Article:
What a difference a day makes.
On Tuesday, I was working on a piece of code for a client, a piece of code that should have been easy.
Should have been.
Thing was: no matter what I did with it, the darn thing Just. Would. Not. Run.
I eyeballed it line by line, I printed it out and scrutinised it line by line (for some reason, printouts seem easier to read than screens) but, for the life of me, I could not see where the problem was.
Now, this kind of thing really bugs me. Being able to cut code is one of the things that I feel proud of and it’s kind of central to my image of myself as a competent techie (OK, I acknowledge the fact that most people wouldn’t WANT that to be part of their core belief about themselves, but there it is). Like it or not, it's a key part of my self-worth.
This, of course, fuelled my mule-stubborn refusal to admit defeat. It was after-hours, so bugging someone else with the problem wasn’t really an option either. I was getting increasingly angry with myself for not being able to fix this stupid bit of code.
After a while, the insistent sound of my own fool head knocking against a brick wall finally woke me up to the fact that I was getting nowhere and, after a long day (getting longer with each resounding thud) the likelihood of a breakthrough was becoming increasingly remote.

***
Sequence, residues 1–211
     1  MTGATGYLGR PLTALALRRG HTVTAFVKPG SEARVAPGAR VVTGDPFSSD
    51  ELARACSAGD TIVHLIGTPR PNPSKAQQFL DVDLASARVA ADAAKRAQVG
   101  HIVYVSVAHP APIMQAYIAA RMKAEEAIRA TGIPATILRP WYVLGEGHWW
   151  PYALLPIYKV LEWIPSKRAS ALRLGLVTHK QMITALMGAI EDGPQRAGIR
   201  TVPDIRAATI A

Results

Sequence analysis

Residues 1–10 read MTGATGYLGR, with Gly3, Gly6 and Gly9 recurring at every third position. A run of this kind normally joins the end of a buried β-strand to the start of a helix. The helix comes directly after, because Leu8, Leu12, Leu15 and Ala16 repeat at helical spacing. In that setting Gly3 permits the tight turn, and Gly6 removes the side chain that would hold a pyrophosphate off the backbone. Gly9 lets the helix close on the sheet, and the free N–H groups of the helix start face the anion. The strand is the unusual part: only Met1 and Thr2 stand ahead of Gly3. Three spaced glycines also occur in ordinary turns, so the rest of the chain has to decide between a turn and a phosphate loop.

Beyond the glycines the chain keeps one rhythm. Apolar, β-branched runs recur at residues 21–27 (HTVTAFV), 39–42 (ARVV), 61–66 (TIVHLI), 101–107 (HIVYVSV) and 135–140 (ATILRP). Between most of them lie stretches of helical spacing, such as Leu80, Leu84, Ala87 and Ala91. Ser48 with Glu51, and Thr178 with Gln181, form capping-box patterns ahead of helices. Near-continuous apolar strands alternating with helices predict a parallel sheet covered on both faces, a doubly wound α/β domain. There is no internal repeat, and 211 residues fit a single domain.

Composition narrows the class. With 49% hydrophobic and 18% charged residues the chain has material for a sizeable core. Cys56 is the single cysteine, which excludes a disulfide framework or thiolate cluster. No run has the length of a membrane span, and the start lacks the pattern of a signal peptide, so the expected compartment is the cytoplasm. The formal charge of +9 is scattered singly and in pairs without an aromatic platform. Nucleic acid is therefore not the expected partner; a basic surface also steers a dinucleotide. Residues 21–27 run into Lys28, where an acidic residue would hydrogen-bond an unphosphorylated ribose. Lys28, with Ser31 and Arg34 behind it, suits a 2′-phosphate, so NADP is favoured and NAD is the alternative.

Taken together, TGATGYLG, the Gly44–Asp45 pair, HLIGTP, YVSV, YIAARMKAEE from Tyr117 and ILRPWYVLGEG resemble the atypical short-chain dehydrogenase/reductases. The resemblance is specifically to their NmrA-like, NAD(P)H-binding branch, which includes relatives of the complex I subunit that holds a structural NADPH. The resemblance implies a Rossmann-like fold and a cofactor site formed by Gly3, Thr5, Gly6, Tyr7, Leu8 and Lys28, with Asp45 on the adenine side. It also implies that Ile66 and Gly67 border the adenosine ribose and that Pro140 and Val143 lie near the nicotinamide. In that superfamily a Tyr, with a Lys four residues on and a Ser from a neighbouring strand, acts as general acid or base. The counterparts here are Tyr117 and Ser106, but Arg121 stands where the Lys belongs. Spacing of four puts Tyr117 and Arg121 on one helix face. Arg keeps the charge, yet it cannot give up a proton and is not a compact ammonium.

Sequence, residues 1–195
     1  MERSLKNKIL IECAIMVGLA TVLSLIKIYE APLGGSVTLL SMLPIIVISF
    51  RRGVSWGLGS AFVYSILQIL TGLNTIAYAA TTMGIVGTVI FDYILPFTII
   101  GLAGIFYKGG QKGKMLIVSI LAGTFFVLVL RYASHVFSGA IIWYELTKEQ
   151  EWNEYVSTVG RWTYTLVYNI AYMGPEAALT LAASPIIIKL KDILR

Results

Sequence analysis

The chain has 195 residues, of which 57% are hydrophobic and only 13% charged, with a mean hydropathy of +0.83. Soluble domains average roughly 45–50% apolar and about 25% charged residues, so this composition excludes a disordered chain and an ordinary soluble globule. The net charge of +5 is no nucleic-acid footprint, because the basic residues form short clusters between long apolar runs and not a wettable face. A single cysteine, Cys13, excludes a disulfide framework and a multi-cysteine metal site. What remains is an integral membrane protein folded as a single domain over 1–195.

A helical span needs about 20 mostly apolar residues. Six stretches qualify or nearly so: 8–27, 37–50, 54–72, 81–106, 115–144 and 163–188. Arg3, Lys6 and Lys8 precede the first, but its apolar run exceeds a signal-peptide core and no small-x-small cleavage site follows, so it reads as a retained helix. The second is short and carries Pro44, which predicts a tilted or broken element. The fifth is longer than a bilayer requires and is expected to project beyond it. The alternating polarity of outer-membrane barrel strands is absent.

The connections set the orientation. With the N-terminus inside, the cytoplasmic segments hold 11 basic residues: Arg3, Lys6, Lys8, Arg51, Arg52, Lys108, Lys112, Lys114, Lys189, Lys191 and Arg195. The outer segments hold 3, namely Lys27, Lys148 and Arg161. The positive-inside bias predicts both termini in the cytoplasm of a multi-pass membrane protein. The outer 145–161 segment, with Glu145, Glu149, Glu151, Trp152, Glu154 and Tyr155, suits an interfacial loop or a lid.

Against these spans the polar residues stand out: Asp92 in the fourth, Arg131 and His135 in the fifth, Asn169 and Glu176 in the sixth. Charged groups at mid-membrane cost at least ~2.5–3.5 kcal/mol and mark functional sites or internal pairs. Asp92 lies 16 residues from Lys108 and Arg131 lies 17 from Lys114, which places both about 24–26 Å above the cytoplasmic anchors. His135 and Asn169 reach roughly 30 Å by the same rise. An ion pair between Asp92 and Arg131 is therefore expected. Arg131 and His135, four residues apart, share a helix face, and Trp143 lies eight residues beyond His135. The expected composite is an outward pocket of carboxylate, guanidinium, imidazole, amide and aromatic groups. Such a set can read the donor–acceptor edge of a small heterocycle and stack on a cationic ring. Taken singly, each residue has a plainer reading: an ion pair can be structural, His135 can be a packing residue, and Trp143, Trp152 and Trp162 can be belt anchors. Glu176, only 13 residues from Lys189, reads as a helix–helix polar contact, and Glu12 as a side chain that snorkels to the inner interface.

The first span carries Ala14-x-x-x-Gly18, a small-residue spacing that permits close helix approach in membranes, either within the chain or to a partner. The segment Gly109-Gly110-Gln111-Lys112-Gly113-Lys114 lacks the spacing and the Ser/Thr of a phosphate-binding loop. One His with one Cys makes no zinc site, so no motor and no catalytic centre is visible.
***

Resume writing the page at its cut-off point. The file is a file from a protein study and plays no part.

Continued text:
So, with a heavy heart, I logged out and went home.
It was not the search for the Higgs Boson.
It was not the search for the cure for cancer
It was just a stupid bit of code to allow some people in a stupid call centre to see potentially challenging cases coming up.
But it had beaten me and I felt rubbish.
The people in my head smelt blood in the water: my inner child threw itself on the ground and unleashed an epic tantrum while my inner critic got out his Big Book of Everything that’s Crap About You and began to read it in his foghorn of a voice.
The bad feelings pervaded the the evening at home like a kind of vile octopus ink; sometimes seemingly gone, only to swirl in and darken the water unpredictably the next moment. It was nearly bedtime before the passing of time (assisted by a good session on the ukulele) diluted it.
I know I was ascribing way more importance to the incident than it deserved.
I know there are millions starving and homeless in the world.
I know I should be grateful for the good life that I have (and am, actually, very).
All good reasons to stop whingeing and get on with my life.
But reason doesn’t enter into it.
Next day, as you might guess, the problem could not have been more obvious if it had been waving a red flag whilst riding a white elephant at the head of parade featuring the massed marching bands of the Royal Marines.
And the sun was shining.
Maybe it was because of that, or maybe my inner child and inner critic had simply taken the day off to go to the beach or something, but either way, I felt good all of a sudden.